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This month's feature athlete is Ty Roberts. Ty first started competing in April of 2006 an has been going strong ever since! Ty's competition highlights are:
Not only is Ty a great athlete, he is a great guy! He is humble in all his accomplishments, and will always give you that welcoming Ty Roberts smile. He also has an amazing athletic family. His wife Jody Roberts (who is equally amazing, strong, and has such a warm welcoming personality that makes you feel like family) also competes at strongwoman and won her group at ASC Masters Nationals in 2017. Their son Chase holds several world records with the AAU Feats of Strength for 8-9 year olds that includes Bench Press for reps, Deadlift for Reps, Conans Wheel and Duck Walk. So keep an eye out for him as he gets older! He will be a force to be reckoned with!
Ty says that competing in strongman has been one of the best things he has ever done. It's an amazing, supportive community and he has found that having a contest to train for, and continuing to have competitive goals as he gets older is the key to staying healthy both physically and mentally.
Thanks for stopping by! -Jolene Westerling
Thoughts from Coach Mike:
This is a great video to watch if you are struggling with axle press. You can see as he takes the axle out of the rack it “hovers” a good inch above his shoulders. Ideally the axle would rest squarely on the top of the deltoids, so the full leg drive could be transferred through the athletes skeleton into the bar in the straightest vertical path possible. However, due to his limb length and minor flexibility issues that are common in lots of strength athletes, he doesn't quite have it racked perfectly here. However, if you watch closely as he goes into his dip; the weight and momentum of the bar going down push it down onto the top of his chest so when he drives up with his legs the bar is against his body, and the full leg drive is transferred into the bar. If the bar had continued to hover, the arms and shoulders would actually act like shock absorbers and absorb some of the drive he exerted with his legs instead of allowing it to go into the upward momentum of the bar. You can also see as he reverses direction at the bottom of the dip, the axle moves into it’s final position resting on his chest. This position is a bit more forward than it would be if it could have rested in the ideal position on the top of his shoulders. So when he drives out of the dip and gets full momentum, he has to move his body forward to get under the bar. He lands the jerk with a perfectly vertical forward shin and his hips, shoulders and elbows are in line under the bar. You may have to slow down the video or go through frame by frame to see what I’m talking about as he tends to recover the jerk and move through the whole thing and get right to the end of the lift quickly. Ty is a great example of an athlete that finds the best positions and techniques to get the most out of his personal body mechanics while still hitting the most important technical aspects of a lift.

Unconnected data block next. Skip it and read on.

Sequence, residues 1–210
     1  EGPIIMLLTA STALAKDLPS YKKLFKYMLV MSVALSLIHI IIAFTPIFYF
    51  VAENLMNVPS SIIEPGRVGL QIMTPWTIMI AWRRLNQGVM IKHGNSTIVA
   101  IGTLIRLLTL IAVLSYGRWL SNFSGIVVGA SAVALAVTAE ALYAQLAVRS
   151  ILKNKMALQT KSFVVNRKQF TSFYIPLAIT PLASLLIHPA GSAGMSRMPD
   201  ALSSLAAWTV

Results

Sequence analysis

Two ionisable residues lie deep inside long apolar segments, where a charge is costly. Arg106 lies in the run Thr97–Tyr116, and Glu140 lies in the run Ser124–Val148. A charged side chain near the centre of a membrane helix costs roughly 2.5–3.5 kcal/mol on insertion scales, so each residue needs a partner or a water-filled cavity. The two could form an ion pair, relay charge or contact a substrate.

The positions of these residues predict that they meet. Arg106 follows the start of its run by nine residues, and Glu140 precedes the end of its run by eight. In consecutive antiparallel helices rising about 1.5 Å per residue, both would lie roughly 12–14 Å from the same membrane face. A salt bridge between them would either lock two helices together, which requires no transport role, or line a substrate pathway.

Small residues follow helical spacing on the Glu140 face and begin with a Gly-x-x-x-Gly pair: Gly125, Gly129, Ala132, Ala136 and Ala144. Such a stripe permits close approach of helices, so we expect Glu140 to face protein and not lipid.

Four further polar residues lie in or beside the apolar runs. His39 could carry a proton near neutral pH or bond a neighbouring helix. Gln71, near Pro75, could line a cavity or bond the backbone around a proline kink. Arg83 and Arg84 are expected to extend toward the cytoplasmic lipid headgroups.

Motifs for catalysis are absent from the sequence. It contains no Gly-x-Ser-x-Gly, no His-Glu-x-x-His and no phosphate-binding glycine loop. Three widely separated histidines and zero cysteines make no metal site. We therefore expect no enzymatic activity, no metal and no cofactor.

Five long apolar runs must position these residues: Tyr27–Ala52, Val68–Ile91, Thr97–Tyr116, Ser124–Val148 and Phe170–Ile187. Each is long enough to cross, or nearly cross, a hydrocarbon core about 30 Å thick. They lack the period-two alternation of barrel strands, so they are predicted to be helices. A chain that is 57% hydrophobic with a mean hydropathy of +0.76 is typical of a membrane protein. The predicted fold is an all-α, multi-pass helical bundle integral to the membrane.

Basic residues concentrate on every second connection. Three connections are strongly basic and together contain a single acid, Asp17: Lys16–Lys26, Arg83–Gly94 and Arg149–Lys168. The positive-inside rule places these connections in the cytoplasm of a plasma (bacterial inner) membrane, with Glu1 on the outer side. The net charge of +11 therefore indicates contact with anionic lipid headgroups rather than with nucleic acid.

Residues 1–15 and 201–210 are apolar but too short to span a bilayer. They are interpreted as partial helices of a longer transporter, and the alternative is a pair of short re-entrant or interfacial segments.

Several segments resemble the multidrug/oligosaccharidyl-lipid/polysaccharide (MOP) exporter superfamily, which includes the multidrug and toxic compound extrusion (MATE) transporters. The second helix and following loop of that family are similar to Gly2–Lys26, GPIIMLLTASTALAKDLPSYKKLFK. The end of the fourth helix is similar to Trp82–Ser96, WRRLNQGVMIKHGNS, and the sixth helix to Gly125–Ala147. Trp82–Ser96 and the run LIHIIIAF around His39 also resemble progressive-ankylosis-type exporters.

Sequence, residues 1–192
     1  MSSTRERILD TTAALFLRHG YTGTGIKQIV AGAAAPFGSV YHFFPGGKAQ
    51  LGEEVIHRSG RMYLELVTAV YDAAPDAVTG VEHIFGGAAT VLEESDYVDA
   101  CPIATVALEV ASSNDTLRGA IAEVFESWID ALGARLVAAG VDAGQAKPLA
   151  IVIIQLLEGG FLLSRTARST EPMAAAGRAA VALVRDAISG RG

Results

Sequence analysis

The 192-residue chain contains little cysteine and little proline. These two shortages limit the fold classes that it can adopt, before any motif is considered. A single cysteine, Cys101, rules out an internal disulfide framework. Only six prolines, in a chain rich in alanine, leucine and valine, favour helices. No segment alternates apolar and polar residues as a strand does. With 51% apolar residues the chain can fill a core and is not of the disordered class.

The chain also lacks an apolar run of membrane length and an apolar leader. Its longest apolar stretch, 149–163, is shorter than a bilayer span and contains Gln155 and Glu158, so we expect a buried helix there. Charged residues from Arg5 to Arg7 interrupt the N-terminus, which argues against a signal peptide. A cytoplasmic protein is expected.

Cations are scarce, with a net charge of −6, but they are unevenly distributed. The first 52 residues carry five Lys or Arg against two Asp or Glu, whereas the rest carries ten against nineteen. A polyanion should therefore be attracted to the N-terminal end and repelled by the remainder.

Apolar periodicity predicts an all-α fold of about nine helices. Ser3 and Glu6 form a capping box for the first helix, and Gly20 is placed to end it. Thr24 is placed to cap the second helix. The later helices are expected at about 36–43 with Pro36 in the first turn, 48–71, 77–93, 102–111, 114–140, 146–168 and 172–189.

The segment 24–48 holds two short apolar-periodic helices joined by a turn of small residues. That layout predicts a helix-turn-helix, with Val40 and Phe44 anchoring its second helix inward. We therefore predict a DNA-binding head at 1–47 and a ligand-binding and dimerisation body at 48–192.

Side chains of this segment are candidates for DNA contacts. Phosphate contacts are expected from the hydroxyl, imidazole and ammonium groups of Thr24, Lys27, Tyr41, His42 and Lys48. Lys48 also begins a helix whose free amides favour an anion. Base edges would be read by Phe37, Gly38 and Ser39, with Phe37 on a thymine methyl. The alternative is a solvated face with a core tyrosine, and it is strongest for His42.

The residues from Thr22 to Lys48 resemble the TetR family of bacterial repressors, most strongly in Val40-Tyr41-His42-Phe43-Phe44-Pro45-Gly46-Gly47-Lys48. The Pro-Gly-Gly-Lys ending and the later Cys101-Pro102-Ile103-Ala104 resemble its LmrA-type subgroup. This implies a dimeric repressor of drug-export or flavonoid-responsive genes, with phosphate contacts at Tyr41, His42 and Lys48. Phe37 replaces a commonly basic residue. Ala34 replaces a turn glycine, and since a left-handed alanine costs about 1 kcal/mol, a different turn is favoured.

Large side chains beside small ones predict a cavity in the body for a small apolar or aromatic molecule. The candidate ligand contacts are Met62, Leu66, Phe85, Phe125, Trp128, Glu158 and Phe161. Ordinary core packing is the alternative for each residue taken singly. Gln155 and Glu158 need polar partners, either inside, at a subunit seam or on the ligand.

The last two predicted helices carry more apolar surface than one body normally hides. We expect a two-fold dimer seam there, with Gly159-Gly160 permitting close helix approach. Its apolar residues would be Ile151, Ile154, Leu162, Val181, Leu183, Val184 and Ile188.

For The Axle Clean and Split Jerk the most important points to remember:
Here is the 8 week press program I wrote for Ty to hit a lifetime PR on split jerk as a masters athlete.
Week 1 Log Clean and Push Press (clean first rep of each set only) 7 set of 3 at 70% of 1RM.
Week 2 Axle Split Jerk (out of rack or off boxes) 10 singles at 80%of 1RM.
Week 3 Log Clean and Push Press (clean first rep of each set only) 8 sets of 2 at 75% of 1RM.
Week 4 Axle Split Jerk (out of rack or off boxes) 10 singles at 85% of 1RM.
Week 5 Log Clean and Push Press (clean first rep of each set only) 10 sets of 1 at 80%. of 1RM.
Week 6 Axle Split Jerk (out of rack or off boxes) 5 singles at 90% of 1RM.
Week 7 Log Clean and Push Press (clean first rep of each set only) 7 sets of 3 at 75% of 1RM.
Week 8 Axle Split Jerk (out of rack or off boxes) Work up to a new 1RM.
The log clean and push press was trained as an assistance lift to work on leg drive and lockout because the log rests firmly on the chest and can be brought down and racked more safely for multiple reps. Together the two lifts compliment each other nicely.